For a Linux distribution that focuses on user friendliness, it does surprise me that Linux Mint offers no seamless upgrade path. In fact, the underlying philosophy is that upgrading an operating system is a risky business. However, I have been doing in-situ upgrades for both Ubuntu and Fedora for a few years without any real calamities. A mishap with a hard drive that resulted in lost data in the days when I mainly was a Windows user places this into sharp relief. These days, I am far more careful but thought nothing of sticking a Fedora DVD into a drive to move my Fedora machine from 14 to 15 recently. Apart from a few rough edges and the need to get used to GNOME 3 together with making a better fit for me, there was no problem to report. The same sort of outcome used to apply to those online Ubuntu upgrades that I was accustomed to doing.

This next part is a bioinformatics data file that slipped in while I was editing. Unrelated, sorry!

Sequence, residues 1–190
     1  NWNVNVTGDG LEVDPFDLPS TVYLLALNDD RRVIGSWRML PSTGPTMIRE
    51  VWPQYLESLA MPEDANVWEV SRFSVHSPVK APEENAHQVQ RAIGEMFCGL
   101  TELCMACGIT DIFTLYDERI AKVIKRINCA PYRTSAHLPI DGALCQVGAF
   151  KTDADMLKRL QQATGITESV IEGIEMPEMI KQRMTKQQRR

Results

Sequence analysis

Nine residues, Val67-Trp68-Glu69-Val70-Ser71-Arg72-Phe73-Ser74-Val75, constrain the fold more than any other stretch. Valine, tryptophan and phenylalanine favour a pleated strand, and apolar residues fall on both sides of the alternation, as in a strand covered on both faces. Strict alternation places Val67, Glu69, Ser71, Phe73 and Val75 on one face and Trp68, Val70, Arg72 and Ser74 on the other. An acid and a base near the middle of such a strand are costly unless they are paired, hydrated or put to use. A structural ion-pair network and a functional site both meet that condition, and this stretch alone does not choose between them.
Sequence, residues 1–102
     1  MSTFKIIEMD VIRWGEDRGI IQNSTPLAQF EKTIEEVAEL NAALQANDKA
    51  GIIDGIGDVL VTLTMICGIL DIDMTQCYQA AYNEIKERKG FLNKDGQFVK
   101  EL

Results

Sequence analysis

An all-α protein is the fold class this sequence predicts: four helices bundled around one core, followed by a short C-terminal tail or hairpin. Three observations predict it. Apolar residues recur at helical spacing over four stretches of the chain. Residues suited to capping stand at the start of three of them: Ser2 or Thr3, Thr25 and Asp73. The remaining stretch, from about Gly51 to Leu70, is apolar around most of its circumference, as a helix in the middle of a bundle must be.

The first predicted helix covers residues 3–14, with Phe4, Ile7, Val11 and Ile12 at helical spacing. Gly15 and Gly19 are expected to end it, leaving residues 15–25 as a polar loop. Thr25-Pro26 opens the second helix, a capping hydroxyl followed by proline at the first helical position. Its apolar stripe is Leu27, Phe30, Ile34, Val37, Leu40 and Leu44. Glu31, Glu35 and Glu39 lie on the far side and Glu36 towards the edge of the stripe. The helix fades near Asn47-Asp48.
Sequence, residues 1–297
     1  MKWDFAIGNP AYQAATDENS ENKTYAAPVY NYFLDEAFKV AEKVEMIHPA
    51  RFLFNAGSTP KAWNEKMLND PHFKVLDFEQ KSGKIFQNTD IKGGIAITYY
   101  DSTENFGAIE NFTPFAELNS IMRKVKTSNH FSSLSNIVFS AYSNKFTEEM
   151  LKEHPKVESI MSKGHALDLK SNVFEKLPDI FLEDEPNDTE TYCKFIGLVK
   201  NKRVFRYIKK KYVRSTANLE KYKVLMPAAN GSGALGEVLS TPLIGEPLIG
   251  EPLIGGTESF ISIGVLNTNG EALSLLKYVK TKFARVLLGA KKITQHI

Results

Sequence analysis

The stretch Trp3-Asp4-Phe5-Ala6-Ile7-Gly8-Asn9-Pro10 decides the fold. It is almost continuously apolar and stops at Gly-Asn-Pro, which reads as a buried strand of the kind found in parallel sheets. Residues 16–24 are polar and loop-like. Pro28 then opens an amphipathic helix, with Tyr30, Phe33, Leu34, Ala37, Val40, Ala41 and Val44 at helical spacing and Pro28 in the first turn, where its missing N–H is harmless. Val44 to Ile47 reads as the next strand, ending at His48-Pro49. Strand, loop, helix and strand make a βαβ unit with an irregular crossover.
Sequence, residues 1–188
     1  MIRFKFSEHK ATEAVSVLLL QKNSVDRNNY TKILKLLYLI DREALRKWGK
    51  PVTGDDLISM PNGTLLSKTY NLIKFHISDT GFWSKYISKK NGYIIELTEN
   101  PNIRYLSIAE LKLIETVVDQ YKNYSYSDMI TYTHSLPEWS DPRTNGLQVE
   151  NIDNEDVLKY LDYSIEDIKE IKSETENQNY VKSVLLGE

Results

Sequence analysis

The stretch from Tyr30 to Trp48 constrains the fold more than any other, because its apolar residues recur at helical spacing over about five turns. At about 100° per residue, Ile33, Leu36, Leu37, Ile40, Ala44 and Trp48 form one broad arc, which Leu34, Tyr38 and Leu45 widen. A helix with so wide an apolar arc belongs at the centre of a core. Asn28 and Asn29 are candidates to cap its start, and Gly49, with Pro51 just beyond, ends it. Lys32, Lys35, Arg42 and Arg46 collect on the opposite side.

The recommended approach for Linux Mint is to backup your package lists and your data before the upgrade. Doing the former is a boon because it automates adding the extras that a standard CD or DVD installation doesn’t do. While I did do a little backing up of data, it wasn’t total because I know how to identify my drives and take my time over things. Apache settings and the contents of MySQL databases were my main concern because of where these are stored.
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